Market Post: Munis Rise as Demand Overpowers Supply
The tax-exempt market continues to gain Wednesday as demand outweighs supply, pushing muni yields to fresh lows.
Traders said they expect rates to stay relatively low through the summer while reinvestment money continues to flow back into buyers' hands.
"Through August rates will stay low because of supply and demand," a Los Angeles trader said. "Then there will be a lot of volatility through the fall from the presidential election. And that volatility will be good for bonds and keep Treasury, and accordingly muni, rates low."
He added a big jump in yields is generally not expected to happen anytime soon given that most of the supply is coming from refinancings. "The volume is coming from refinancing. People are still afraid to issue new money."
Munis continued to gain Wednesday afternoon, according to the Municipal Market Data scale. Yields inside five years were steady while yields outside six years fell as much as two basis points.
On Tuesday, the two-year closed at 0.31% for the seventh consecutive trading session. The 10-year yield plunged three basis points to 1.62%, breaking the previous record low of 1.65% set Monday. The 30-year yield fell one basis point to set a record low of 2.80%, breaking the previous record of 2.81% set Monday.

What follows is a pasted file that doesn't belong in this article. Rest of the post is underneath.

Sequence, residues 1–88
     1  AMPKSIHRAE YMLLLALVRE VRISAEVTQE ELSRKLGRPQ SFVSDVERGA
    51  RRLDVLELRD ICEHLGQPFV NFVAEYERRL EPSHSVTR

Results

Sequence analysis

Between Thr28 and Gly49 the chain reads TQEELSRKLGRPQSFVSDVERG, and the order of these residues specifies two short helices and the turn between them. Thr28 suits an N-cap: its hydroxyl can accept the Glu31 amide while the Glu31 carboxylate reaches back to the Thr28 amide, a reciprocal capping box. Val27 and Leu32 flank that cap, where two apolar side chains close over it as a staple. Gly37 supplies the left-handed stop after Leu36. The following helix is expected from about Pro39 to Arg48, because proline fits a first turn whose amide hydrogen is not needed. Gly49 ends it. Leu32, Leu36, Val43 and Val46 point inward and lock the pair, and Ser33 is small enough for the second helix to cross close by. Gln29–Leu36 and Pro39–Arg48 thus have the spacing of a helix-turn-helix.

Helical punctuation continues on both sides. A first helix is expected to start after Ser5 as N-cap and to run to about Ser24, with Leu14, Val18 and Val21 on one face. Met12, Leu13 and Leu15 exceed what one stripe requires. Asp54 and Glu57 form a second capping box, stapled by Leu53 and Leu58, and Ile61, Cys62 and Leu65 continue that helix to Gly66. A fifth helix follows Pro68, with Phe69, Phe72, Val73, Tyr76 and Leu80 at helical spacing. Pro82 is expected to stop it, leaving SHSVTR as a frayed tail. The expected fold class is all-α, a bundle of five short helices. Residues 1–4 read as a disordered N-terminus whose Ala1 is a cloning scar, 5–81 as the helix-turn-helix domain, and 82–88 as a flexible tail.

Tuesday marked the 22nd consecutive trading session where munis traded steady or firmer. Since the most recent rally began on June 22, yields on the 10-year have fallen 24 basis points while the 30-year yield has plunged 36 basis points.
Treasuries were steady from yesterday's levels as they gained this morning, and then pared those gains in afternoon trading. The benchmark 10-year yield and the 30-year yield were steady at 1.41% and 2.47%, respectively. The two-year and five-year yields each rose one basis point to 0.24% and 0.57%, respectively.
In the primary market, Barclays Capital priced for retail $900 million of University of California Regents limited project revenue bonds in tax-exempt and taxable series. The bonds are rated Aa2 by Moody's Investors Service, AA-minus by Standard & Poor's and AA by Fitch Ratings.
The first series included $800 million of non-alternative minimum tax tax-exempt bonds and the second series contained $100 million of taxable paper. Prices were not yet available.
Citi priced $199 million of Harris County, Texas, toll road senior lien revenue refunding bonds, rated Aa3 by Moody's and AA-minus by Standard & Poor's. Pricing details were not available by press time.
In the competitive market, Bank of America Merrill Lynch won the bid for $298.4 million of Florida State Board of Education full faith and credit public education capital outlay refunding bonds, rated Aa1 by Moody's and AAA by Standard & Poor's and Fitch.
Yields ranged from 0.40% with a 5% coupon in 2014 to 3.25% with a 3.125% coupon in 2033. The bonds are callable at par in 2022.